Hint: It’s one of the Democratic presidential candidates who bothered to show up on Fox. That’s not the only eye-catching result from Morning Consult’s latest poll, either. Bernie Sanders’ brand of unvarnished socialism apparently does better with Fox News viewers than the lean-forward audience at MSNBC. He also does slightly better with Wall Street Journal readers than those at the New York Times or the Washington Post, too.
What’s going on with capitalists these days? Is everyone wearing Che chic?
The difference between the print outlets is negligible, but the response from viewers of the three main news cable channels is remarkable. It’s not just that Bernie scores more viewers at Fox than MSNBC, but also more at Fox than CNN, and both outside the margin of error (±4%). He’s the only Democrat to score better on Fox too; even Joe Biden does slightly worse on Fox, although that’s within the MoE.
It’s funny what engagement can do for a politician, eh?
The big takeaway from this, however, is that engagement isn’t an end-all-be-all for Bernie. He’s raking in the small donors, he’s doing the TV town halls, he’s even reaching out across the ideological divide, and yet Bernie’s still trailing Biden in every category — by a lot.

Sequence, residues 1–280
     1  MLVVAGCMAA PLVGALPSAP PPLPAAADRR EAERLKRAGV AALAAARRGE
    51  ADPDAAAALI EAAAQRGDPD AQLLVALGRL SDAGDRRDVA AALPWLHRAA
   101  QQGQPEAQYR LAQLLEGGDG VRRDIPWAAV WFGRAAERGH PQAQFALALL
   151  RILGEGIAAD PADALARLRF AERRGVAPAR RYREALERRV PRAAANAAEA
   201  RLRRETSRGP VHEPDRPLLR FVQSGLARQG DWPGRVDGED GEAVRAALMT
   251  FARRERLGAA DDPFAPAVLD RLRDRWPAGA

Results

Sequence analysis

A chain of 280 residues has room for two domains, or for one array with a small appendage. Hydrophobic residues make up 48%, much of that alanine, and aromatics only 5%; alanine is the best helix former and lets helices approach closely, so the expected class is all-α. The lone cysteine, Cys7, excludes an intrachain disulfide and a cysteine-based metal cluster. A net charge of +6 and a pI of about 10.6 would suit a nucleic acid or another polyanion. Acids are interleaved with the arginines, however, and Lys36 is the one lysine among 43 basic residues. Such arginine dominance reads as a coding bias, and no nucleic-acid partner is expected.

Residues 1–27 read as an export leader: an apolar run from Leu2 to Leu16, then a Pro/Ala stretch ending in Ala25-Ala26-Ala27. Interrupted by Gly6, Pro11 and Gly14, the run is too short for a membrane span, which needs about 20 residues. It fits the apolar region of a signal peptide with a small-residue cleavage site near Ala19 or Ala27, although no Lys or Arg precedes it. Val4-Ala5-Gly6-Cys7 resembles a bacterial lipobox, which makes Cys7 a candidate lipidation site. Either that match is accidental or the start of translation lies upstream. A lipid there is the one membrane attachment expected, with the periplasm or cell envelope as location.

That’s also true on social media, although to a lesser extent. The headline for the Morning Consult report is a peek inside the social-media bubble and how it changes the Democratic race. Biden leads Sanders among daily Twitter users 33/20, but that expands to 44/18 for non-Twitter users. Sanders only gets an edge among “very liberal Twitter users,” getting to a virtual tie at 22/25, but among strong liberals off of Twitter, Bernie falls back to 32/24. Overall, Biden leads well outside the MoE for all daily users of other social-media platforms except for Snapchat, where he drops into a virtual tie at 30/29.
Much like other polling in this race, the Morning Consult report shows that there are two tiers in the Democratic primary: the Biden-Sanders tier, and the Everyone Else tier. Elizabeth Warren might be edging to the top of the latter, but she’s not coming close to joining the former. It may well be that people see Bernie as the more authentic socialist rather than a pretender or a panderer, and that could explain why Fox viewers and WSJ readers like Bernie better, too. They prefer their socialists without sheep’s clothing.